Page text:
Lego Mesh

Recently, Lego announced a virtual world they will release in 2008. They’re not merely getting on the Second Life bandwagon but have understood the importance of virtual community and have been working on it for a decade:

We humans are social creatures. We enjoy doing things together. Fact is, we’re interdependent. Perhaps our need for each other is the reason the Internet allures us: it transforms our computers into community centers. The Web brings color, movement, and non-linearity to the community, while VRML adds a sense of space.

VRML-enhanced Web sites hint at how citizens soon may interact with each other inside virtual space via desktop computer. But right now, behind the scenes, folks are working in collaborative, immersive, simulation-based environments. Such an environment exists inside the Virtual Reality lab at the LEGO Group, makers of the world’s most popular toys.

Lego Virtual Village

An account of my 1997 take on the subject talks about why it’s taken 10 years to get here, where the path is leading and what the broad impact of mixing the physical and virtual worlds may be. The following video provides a small peak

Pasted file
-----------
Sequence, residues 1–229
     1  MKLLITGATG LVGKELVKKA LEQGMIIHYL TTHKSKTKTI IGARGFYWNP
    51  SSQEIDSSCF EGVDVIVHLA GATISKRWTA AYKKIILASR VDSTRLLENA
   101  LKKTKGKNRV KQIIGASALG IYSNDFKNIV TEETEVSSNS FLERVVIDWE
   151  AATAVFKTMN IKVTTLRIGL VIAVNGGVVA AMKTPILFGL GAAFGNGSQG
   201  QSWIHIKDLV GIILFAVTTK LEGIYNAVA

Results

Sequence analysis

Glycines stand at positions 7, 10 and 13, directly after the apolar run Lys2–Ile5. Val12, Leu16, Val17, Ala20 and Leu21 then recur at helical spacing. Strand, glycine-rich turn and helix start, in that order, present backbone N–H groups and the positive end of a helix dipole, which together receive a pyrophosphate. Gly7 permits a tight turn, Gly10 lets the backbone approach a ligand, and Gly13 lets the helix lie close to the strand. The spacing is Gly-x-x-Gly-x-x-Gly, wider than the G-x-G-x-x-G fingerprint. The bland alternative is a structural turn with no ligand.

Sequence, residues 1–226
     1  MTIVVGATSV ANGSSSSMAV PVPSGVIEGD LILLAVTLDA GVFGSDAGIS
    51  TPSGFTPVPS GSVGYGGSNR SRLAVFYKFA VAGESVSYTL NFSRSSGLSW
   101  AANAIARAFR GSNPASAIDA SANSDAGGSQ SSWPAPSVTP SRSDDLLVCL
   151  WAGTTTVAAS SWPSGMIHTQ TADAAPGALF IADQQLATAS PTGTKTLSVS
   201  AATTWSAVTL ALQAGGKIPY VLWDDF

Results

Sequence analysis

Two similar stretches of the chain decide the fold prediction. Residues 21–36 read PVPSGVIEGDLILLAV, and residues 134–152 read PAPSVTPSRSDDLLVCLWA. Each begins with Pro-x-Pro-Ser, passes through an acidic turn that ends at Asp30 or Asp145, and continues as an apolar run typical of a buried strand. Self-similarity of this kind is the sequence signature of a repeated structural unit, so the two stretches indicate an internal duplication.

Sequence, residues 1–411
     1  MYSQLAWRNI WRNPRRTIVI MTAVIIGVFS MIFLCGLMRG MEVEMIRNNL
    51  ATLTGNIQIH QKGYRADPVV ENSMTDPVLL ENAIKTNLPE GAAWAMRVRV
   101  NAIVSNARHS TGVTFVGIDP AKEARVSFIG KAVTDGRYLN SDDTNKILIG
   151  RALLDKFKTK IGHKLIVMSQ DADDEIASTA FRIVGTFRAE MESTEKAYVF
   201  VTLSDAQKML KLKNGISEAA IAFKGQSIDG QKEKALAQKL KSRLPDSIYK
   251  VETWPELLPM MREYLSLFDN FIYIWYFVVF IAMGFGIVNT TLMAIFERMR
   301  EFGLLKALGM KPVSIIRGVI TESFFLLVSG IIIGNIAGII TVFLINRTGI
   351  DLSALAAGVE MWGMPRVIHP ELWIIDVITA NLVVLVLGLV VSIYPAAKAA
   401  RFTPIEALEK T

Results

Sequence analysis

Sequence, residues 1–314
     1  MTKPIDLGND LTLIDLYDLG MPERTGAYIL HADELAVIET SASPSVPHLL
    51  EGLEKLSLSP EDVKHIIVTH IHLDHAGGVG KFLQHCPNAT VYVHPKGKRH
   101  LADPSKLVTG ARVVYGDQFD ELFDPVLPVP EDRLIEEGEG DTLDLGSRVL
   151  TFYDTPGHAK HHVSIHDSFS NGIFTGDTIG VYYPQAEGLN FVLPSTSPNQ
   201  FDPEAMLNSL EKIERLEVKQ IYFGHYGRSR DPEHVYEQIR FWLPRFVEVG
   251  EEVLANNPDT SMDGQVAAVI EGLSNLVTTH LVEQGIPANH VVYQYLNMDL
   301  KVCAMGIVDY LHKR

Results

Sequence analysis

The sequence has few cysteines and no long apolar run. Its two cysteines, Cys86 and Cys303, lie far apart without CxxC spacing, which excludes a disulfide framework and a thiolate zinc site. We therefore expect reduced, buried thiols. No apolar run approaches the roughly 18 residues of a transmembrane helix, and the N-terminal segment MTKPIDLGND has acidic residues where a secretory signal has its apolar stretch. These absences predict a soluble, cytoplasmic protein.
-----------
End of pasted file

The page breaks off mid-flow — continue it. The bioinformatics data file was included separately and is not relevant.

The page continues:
at a recent augmented reality event.

What I’ve heard is that the game could be sort of like Second Life but, you know, a game. The idea, I believe, is that you will be able to construct your own in-game content using the fun and familiar mechanic of building with real world Legos. Blog: NetDevil Signs On to Build Lego MMOG

Clickable Culture raises the question of why anyone would use Legos to build in Second Life. The answer is that a tangible user interface(TUI) gives you perspectives that are hard or impossible to get via a screen. However, it’s not an either/or choice, one doesn’t have to use only one or the other – the meshverse is a universe of both/and.

Additional Links

The Lego Mindstorms site has additional coverage and pictures.

Big Robot On Campus

PKSF: Trends, Ideas and New Marketing

ClickZ Internet Marketing


1 Comment »

  1. Laurence said

    It’s notable that 10 years ago the Indigo2 and Onyx2 workstations used for the Lego Virtual Village project started at around $19K and $85K respectively. The prices could more than double when fully equipped. Even though few people could play with these at home, once you’d seen one and put on the VR gear, you knew TVIR was a question of when not if.

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